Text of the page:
LETTER: Reopening rules for barbers and stylists place workers and clients in jeopardy

Dear editor,

I am a barber in Victoria and, though I am very much looking forward to the day I go back to work and see my friends and customers again, I am very concerned about how the announcement of return is being handled.

Why can a barber or stylist be within six feet of another person, while other businesses like restaurants are spending thousands on new ways to operate to keep everyone six feet apart? This is a question that has been avoided and absolutely needs to be addressed before business owners can even begin to understand what they need to do before they reopen to the public.

Dr. Bonnie Henry needs to address this and the 6,000-strong signed petition from barbers and stylists asking to be in phase three with spa and non-medical massage services.

Please understand, I want to go back to work. But I will not be a test run. I fear that the only response to this will be to avoid answering the question directly again, only to talk about possibly having less people in the barbershop or salon at a time, or to not have a waiting area, or to put up Plexiglas screens at the till. But what does it matter that a person safely pays with tap from behind a barrier if I have just spent an hour touching their face?

These rules need clarification for a reason. People have been hanging on every statement made, including myself. Already I see people in my neighborhood having large backyard barbecues, etc. because people will take a mile when given an inch. But at the very least, I see people doing this while attempting to keep distance from one another.

I know that I can and will do the best to keep my clients safe, but there is no way for me to operate my business from six feet away. Period. In fact there will be many moments my face will be inches from theirs. How has this not been addressed?

And whether you personally feel that the risk is low or not, how is the public going to react to dealing with high levels of restrictions at one establishment and the opposite at another? For example, my barbershop is right next to a restaurant, a restaurant that is not known for its takeout food and has been really struggling through this time. They are excited to come back and are completely changing the way they do business in order to maintain physical distancing. Meanwhile, I’m next door in the front window trimming someone’s nose hairs. I don’t care if I’m wearing three face masks, this isn’t a good look. And stylists will be part of the reason people don’t take any of this seriously anymore, even if that is absolutely not our intention.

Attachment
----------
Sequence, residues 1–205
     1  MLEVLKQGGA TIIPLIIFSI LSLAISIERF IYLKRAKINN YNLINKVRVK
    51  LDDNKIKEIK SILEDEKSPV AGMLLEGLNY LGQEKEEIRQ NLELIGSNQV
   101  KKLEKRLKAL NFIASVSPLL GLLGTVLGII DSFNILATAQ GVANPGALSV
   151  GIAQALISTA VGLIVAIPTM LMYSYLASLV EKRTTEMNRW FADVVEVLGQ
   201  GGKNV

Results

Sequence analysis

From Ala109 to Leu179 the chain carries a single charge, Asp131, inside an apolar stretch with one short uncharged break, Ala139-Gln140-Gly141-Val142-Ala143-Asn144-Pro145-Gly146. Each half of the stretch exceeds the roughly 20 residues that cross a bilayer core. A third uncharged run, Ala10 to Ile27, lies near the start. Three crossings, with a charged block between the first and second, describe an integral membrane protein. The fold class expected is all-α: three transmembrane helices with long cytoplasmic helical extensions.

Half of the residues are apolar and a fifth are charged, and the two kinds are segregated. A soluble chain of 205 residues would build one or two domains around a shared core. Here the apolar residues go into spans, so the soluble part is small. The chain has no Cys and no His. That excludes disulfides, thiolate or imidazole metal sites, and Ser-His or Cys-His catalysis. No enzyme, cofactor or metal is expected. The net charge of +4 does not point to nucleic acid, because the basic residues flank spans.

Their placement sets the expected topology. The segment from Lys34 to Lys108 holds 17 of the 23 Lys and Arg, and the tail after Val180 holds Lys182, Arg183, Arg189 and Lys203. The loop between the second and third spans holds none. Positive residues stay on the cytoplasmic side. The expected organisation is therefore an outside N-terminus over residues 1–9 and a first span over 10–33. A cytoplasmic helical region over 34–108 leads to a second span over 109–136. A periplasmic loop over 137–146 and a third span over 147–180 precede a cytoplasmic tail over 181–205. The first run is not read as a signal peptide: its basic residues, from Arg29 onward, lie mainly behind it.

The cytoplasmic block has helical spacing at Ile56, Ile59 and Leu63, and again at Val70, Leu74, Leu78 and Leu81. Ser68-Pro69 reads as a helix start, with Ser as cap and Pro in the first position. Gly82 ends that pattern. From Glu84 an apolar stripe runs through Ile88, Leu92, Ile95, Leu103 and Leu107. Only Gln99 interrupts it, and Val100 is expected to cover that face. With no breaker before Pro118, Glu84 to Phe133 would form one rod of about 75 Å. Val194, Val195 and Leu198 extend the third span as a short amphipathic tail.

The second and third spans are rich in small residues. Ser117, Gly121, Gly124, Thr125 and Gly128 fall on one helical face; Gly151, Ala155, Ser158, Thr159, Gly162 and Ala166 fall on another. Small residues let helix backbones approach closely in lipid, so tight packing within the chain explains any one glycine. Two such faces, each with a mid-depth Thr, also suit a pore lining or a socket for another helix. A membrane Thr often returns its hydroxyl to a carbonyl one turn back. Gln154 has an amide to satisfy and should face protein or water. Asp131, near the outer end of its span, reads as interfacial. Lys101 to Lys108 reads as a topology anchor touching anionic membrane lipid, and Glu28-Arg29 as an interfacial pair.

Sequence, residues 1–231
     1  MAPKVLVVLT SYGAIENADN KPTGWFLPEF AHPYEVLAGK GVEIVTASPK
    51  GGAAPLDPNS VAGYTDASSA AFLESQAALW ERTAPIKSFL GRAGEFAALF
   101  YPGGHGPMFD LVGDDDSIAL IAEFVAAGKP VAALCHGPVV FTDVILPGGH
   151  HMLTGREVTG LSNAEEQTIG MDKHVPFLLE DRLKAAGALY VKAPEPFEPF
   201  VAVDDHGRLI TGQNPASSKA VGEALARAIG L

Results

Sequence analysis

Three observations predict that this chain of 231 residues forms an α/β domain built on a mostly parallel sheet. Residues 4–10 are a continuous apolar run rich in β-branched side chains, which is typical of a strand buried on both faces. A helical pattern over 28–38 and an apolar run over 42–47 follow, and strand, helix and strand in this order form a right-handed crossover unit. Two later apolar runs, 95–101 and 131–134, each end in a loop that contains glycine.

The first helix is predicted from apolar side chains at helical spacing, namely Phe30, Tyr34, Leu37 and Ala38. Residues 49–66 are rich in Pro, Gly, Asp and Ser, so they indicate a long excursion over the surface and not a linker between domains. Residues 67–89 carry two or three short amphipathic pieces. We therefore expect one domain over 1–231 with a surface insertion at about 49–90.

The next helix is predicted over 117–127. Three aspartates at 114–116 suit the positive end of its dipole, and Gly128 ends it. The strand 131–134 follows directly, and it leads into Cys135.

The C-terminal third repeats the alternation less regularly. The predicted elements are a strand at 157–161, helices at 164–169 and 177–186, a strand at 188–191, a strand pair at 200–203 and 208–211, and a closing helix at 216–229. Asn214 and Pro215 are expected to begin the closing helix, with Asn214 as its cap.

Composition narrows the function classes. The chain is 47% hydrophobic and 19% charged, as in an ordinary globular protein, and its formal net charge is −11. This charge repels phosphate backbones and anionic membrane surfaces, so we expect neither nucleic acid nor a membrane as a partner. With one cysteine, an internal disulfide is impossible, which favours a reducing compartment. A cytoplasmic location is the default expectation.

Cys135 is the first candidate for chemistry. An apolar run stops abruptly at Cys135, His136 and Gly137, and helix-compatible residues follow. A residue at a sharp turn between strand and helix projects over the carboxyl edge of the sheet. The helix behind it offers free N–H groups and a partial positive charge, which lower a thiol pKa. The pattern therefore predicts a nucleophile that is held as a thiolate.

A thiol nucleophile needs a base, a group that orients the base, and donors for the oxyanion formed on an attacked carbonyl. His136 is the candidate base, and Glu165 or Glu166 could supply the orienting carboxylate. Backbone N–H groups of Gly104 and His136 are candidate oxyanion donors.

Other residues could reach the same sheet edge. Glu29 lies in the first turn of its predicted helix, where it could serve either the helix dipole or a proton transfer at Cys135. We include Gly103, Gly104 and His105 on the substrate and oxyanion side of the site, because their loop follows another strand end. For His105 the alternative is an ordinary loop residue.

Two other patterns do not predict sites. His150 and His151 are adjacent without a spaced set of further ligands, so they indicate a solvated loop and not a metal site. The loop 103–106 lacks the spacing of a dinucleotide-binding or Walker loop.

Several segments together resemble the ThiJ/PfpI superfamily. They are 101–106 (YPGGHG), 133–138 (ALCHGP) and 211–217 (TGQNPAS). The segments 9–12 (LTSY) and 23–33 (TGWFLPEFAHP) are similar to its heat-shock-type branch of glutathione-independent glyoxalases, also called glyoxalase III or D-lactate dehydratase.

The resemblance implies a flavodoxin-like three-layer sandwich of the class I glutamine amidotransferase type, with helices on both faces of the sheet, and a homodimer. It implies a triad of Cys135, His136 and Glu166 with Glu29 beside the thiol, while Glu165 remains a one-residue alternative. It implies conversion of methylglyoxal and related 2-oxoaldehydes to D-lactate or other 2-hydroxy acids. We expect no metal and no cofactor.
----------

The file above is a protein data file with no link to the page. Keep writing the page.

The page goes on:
I have been in touch with WorkSafeBC and they have no answers for me, and both of the two people I have spoken to there completely agree with me about my concerns.

All I see from people in my industry is pure panic. No one understands what is expected of them and they only have days to prepare. How are we supposed to arm ourselves and provide our customers with appropriate PPE while these things are still largely unattainable?

Why did we find out about not being in phase three at the same time as our customers watching online? Our phones have been ringing off the hook and we are now in the unprofessional position of providing no answers for them.

And if it comes down to the suggestion, once again, that, “if a business owner is not comfortable opening up, then they don’t have to,” where is the accountability for people like me who want to work? This is a highly competitive industry. Please think about this; if a restaurant was to open a week or two or longer after most other restaurants, that would be costly, but it wouldn’t stop customers from ever going to that restaurant again. However, if a barbershop or salon doesn’t open its doors to customers and others do, those customers will go to another shop and they may never come back again.

Please help us have answers. Please don’t ignore the petition of people sharing these concerns.

Kane McHugh

Victoria

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